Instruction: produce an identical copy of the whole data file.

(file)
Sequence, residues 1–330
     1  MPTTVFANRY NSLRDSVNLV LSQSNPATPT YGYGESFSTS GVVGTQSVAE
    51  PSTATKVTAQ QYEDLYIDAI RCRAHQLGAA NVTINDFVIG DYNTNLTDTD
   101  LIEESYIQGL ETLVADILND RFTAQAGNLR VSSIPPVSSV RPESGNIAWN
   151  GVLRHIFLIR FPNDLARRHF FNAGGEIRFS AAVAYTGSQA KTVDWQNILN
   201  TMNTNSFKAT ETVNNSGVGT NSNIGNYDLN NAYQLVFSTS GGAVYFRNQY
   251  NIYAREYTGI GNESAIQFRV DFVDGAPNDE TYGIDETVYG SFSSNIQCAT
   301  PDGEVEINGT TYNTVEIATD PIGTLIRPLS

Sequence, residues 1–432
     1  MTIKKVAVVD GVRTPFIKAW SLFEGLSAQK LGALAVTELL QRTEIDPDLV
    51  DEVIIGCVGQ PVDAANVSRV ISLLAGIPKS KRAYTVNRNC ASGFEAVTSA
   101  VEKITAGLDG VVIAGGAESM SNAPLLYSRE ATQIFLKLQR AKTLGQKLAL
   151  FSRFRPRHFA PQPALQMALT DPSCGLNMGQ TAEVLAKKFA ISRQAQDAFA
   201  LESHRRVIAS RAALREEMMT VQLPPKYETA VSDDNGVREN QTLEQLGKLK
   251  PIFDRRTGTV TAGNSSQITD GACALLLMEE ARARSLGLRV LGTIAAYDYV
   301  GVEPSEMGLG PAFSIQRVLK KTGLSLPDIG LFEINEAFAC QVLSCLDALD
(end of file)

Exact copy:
Sequence, residues 1–330
     1  MPTTVFANRY NSLRDSVNLV LSQSNPATPT YGYGESFSTS GVVGTQSVAE
    51  PSTATKVTAQ QYEDLYIDAI RCRAHQLGAA NVTINDFVIG DYNTNLTDTD
   101  LIEESYIQGL ETLVADILND RFTAQAGNLR VSSIPPVSSV RPESGNIAWN
   151  GVLRHIFLIR FPNDLARRHF FNAGGEIRFS AAVAYTGSQA KTVDWQNILN
   201  TMNTNSFKAT ETVNNSGVGT NSNIGNYDLN NAYQLVFSTS GGAVYFRNQY
   251  NIYAREYTGI GNESAIQFRV DFVDGAPNDE TYGIDETVYG SFSSNIQCAT
   301  PDGEVEINGT TYNTVEIATD PIGTLIRPLS

Sequence, residues 1–432
     1  MTIKKVAVVD GVRTPFIKAW SLFEGLSAQK LGALAVTELL QRTEIDPDLV
    51  DEVIIGCVGQ PVDAANVSRV ISLLAGIPKS KRAYTVNRNC ASGFEAVTSA
   101  VEKITAGLDG VVIAGGAESM SNAPLLYSRE ATQIFLKLQR AKTLGQKLAL
   151  FSRFRPRHFA PQPALQMALT DPSCGLNMGQ TAEVLAKKFA ISRQAQDAFA
   201  LESHRRVIAS RAALREEMMT VQLPPKYETA VSDDNGVREN QTLEQLGKLK
   251  PIFDRRTGTV TAGNSSQITD GACALLLMEE ARARSLGLRV LGTIAAYDYV
   301  GVEPSEMGLG PAFSIQRVLK KTGLSLPDIG LFEINEAFAC QVLSCLDALD